... extent are representative of the second class. Certain "flaming" arcs involve both principles, but the light of the firefly, phosphorescence, and incandescent gas in "vacuum" tubes cannot be included in this simplified classification. The status of these will ...
— Artificial Light - Its Influence upon Civilization • M. Luckiesh

... she had her eyes upon a personage who amused her considerably. He answered to the name of Dyce Lashmar, and fell under the general description of charlatan. Not for a moment had Mrs. Toplady been in doubt as to this classification; but Dyce Lashmar was not quite an ordinary charlatan, and seemed to be worth the observing. She meant to know him thoroughly, to understand what he really aimed at—whether he harboured merely a gross design on Lady Ogram's wealth, or in truth believed himself strong ...
— Our Friend the Charlatan • George Gissing

... of production, I would rate the northern varieties as follows from highest to lowest: Major, Greenriver, Busseron, Indiana, Niblack, Kentucky, Warwick, Posey, Coy, Tissue, Johnson. Perhaps a little broader classification and grouping should be made. In my judgment, the Major, Greenriver, Busseron, Indiana, and Niblack compose one group which may be depended upon for fairly satisfactory production. The Kentucky, Warwick, Posey, Coy, Tissue, and Johnson have consistently ...
— Northern Nut Growers Association Report of the Proceedings at the Forty-Second Annual Meeting • Northern Nut Growers Association

... which those two classes present as seen from our earth; the inferior planets showing phases like the moon when viewed in the telescope, whereas the superior planets do not. But the division into terrestrial and major planets is the more far-reaching classification of the two, for it includes the whole number of planets, whereas the other arrangement necessarily excludes the earth. The members of each of these classes have many definite characteristics in common. The terrestrial planets are all of them relatively ...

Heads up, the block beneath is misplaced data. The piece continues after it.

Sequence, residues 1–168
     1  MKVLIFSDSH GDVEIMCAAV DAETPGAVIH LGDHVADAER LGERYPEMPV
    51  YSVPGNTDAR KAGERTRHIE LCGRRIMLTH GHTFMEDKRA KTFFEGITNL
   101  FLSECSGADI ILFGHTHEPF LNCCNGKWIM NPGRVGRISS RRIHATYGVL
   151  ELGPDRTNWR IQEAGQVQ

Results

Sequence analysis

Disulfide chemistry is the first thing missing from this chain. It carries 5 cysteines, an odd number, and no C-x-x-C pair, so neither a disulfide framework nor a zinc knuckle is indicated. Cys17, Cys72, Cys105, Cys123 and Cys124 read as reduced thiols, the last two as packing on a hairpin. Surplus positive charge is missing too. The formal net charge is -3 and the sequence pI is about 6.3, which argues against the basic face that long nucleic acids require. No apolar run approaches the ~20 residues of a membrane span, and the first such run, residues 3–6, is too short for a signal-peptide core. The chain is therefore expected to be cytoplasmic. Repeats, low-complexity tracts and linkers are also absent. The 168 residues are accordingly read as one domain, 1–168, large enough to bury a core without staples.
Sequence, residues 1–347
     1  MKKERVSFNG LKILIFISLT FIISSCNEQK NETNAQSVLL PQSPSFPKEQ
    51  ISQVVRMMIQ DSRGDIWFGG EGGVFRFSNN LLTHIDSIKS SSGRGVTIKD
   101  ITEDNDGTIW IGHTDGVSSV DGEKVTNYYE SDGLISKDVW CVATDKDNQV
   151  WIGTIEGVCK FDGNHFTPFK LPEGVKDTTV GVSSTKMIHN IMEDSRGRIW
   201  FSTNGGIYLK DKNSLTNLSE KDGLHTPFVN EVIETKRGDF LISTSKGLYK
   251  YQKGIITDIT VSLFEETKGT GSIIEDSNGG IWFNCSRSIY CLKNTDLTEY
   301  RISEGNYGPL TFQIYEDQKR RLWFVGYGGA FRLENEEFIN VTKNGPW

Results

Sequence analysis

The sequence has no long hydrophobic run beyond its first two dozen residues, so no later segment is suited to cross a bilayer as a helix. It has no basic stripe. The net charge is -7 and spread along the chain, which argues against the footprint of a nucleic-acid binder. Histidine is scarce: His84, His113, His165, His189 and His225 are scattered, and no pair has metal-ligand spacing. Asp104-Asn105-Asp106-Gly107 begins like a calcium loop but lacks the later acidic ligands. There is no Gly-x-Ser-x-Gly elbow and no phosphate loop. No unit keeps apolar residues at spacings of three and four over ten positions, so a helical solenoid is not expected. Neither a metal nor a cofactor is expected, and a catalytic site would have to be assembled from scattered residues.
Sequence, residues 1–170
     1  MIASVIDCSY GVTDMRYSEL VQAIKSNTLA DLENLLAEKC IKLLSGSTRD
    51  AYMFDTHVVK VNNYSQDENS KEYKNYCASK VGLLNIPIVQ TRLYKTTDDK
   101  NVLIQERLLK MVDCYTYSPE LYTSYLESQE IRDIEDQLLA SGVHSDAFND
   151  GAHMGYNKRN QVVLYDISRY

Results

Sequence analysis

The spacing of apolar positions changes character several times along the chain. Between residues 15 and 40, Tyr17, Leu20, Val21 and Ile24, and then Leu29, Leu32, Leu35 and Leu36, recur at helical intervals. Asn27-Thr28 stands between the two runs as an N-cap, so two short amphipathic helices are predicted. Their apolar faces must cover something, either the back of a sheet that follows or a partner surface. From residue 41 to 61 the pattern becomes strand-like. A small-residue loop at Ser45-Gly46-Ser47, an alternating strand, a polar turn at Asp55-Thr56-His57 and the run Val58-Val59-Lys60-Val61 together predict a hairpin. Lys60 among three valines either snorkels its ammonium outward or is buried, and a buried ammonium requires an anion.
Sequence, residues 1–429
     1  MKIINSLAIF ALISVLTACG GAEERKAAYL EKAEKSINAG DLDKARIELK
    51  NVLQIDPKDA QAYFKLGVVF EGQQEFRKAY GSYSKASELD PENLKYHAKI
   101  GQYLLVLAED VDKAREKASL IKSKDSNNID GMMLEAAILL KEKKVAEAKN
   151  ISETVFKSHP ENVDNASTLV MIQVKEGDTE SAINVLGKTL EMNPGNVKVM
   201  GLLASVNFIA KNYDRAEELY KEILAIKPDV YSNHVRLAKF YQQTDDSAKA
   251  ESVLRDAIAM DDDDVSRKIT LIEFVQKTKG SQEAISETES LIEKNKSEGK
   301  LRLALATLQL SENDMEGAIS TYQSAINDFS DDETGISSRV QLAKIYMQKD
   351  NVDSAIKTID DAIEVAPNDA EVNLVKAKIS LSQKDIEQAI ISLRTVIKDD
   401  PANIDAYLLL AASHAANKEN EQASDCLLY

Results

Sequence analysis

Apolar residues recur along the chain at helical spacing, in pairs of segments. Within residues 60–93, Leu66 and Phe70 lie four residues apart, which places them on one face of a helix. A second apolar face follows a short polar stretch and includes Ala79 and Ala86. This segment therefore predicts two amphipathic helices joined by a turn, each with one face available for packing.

— Astronomy of To-day - A Popular Introduction in Non-Technical Language • Cecil G. Dolmage

... stationary life, in eternal ignorance, from the absence of wheels to its machine—or else it would have to acquire these wheels at the price of inevitable injustice, and would necessarily present the sad spectacle, in one form or other, of the antique classification of human beings into masters and slaves. I defy any one to show me, in this case, any other alternative. We should be compelled to contemplate the Divine plan which governs society, with the regret of thinking ...
— Essays on Political Economy • Frederic Bastiat

... grandmother, in a well- preserved, green old age; a daughter, but a matron of little less than forty; and two exceedingly pretty girls of about eighteen and sixteen, whom we took to be children of the last. The strong family likeness between these persons led us early to make this classification, which we afterward ...
— Oak Openings • James Fenimore Cooper

... family communion and rights; so there are no radical differences of the sexes in these respects, which can at all impair the integrity of an equal humanity—no sufficient basis for a distinction in so comprehensive a classification. ...
— History of Woman Suffrage, Volume I • Elizabeth Cady Stanton, Susan B. Anthony, and Matilda Joslyn Gage

... classification was adopted by AGRIPPA and others. Pseudo-DIONYSIUS explains the names of these orders as follows: "... the holy designation of the Seraphim denotes either that they are kindling or burning; and that of the Cherubim, a fulness of knowledge or stream of wisdom.... The ...
— Bygone Beliefs • H. Stanley Redgrove